# Algorithm that finds the shortest even distance from a vertex s in a graph G to all other vertices.

G is a connected, undiercted and unweighted graph, and s is some vertex ("source vertex").

For example, let's say the distance between u,v in G is 3, but there is a path of length 8 to v from u, so the algorithm should say that the distance between u,v is 8.

I thought of creating a new graph with same vertices with new edges, but I couldn't find the right ones. Thanks for the help.

• Would something like $u\to \color{red}a\to b\to c\to \color{red}a\to d\to v$ be valid? (I am asking because not all authors distinguish walks, trails, and paths the same way) – Hagen von Eitzen Jun 11 at 14:04
• Is the graph guaranteed to not be bipartite? – Hagen von Eitzen Jun 11 at 14:06
• @HagenvonEitzen It can be, G can be any undirected connected graph. – Omri Attal Jun 11 at 14:08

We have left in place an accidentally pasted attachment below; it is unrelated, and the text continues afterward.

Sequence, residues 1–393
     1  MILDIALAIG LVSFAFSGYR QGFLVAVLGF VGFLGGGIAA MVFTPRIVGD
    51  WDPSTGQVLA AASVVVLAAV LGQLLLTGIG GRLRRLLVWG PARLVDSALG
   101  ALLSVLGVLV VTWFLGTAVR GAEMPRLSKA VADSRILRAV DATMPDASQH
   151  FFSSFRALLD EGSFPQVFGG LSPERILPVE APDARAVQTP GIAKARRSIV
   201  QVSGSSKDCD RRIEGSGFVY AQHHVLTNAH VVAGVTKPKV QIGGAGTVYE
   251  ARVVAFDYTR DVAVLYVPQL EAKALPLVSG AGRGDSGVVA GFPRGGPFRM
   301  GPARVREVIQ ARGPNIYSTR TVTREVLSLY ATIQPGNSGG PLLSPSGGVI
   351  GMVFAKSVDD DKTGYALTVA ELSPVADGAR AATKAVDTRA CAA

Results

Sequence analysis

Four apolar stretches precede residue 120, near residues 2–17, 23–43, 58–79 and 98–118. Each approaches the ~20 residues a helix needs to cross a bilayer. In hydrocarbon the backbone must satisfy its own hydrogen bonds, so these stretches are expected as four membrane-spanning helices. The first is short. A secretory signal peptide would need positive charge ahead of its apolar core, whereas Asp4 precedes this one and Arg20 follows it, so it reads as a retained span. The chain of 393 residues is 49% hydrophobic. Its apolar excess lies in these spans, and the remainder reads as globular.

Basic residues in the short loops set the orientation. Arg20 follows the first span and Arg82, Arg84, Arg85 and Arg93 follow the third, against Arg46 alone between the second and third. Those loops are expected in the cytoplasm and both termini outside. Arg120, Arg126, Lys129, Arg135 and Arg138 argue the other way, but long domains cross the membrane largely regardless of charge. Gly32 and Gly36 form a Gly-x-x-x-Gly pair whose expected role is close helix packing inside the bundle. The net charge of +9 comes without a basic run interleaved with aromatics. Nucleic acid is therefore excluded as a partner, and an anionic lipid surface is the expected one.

• @HagenvonEitzen yes, it is valid, it doesn't necessarily have to be simple path. – Omri Attal Jun 11 at 14:09

Use a modification of Dijkstra, where you separate infor mation for odd and even distances:

1. To each node, add field $$d_0$$ and $$d_1$$. Initailly set $$d_0(v)\leftarrow \infty$$ and $$d_1(v)\leftarrow\infty$$ for all $$v$$

2. Set $$d_0(s)\leftarrow 0$$ and push $$(s,1)$$ to a queue.

3. Pop $$(v,t)$$ from the queue

4. For all neighbours $$w$$ of $$v$$: if $$d_{t\bmod 2}(w)=\infty$$, set $$d_{t\bmod 2}(w)\leftarrow t$$ and push $$(w,t+1)$$ to the queue.

5. If the queue is not empty, go back to step 3. Otherwise terminate. For each node $$v$$, $$d_0(v)$$ is the length of the shortest walk of even length from $$s$$ to $$v$$.

(It may be worth noting that the queue can be realized by an additional field of type pointer-to-node in each node)

• Thanks for the help! But, Can you explain these lines: Set d0(s)←0 and push (s,1) to a queue. Pop (v,t) from the queue – Omri Attal Jun 11 at 14:46